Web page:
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Shale oil in Colombia

Monday, February 24, 2014


Colombia is auctioning the right to exploit non-conventional hydrocarbon reserves, including shale oil and methane.

More oil may not be an ideal option for the environment, but it could be good for peace.

Latin America's fourth biggest oil producer, Colombia aims to raise around $2.6 billion, according to the National Hydrocarbons Agency, which is overseeing the auction.

Earlier this month, Canada-based Canacol Energy together with and ConocoPhillips of the United States paid $13 million for the right to explore for shale oil in the Middle Magdalena Basin.

In addition, Canacol has agreements with United States-based ExxonMobil Corporation and Royal Dutch Shell.

The first auctions of shale acreage in Colombia were held late last year, with ExxonMobil and state-owned Ecopetrol making the highest bids for three onshore blocks.

Colombia's conventional reserves were 2.4 billion barrels as of 2012, equivalent to only six years' output at current levels.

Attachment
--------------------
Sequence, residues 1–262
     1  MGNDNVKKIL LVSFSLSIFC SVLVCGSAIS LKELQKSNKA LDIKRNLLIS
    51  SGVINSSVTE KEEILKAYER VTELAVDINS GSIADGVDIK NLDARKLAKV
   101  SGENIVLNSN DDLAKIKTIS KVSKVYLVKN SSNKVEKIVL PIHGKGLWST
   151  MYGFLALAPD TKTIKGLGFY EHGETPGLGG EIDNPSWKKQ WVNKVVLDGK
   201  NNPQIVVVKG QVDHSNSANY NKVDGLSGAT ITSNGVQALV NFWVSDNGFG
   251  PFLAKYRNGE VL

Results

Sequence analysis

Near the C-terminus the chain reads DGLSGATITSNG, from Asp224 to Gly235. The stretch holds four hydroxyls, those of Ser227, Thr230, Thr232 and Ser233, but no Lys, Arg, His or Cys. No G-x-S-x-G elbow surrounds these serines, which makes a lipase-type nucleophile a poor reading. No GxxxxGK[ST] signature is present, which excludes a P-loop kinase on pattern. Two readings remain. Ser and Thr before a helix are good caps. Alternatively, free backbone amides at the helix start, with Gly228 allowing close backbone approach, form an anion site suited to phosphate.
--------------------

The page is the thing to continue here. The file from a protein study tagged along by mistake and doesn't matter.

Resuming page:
More oil may not be an ideal option for the environment, but it could be good for peace.

Some of the profits from the business could go to Colombia’s rebel movement (FARC in its Spanish initials), especially since much of potential new production is in FARC-controlled areas.

Oil revenue would let the FARC wind down its involvement in cocaine exports, currently an important source of income for the movement.

The government in turn would be willing to accept the FARC as a legitimate political party, putting an end to a half-century of civil war.

The two sides have been in negotiations in Havana since last year.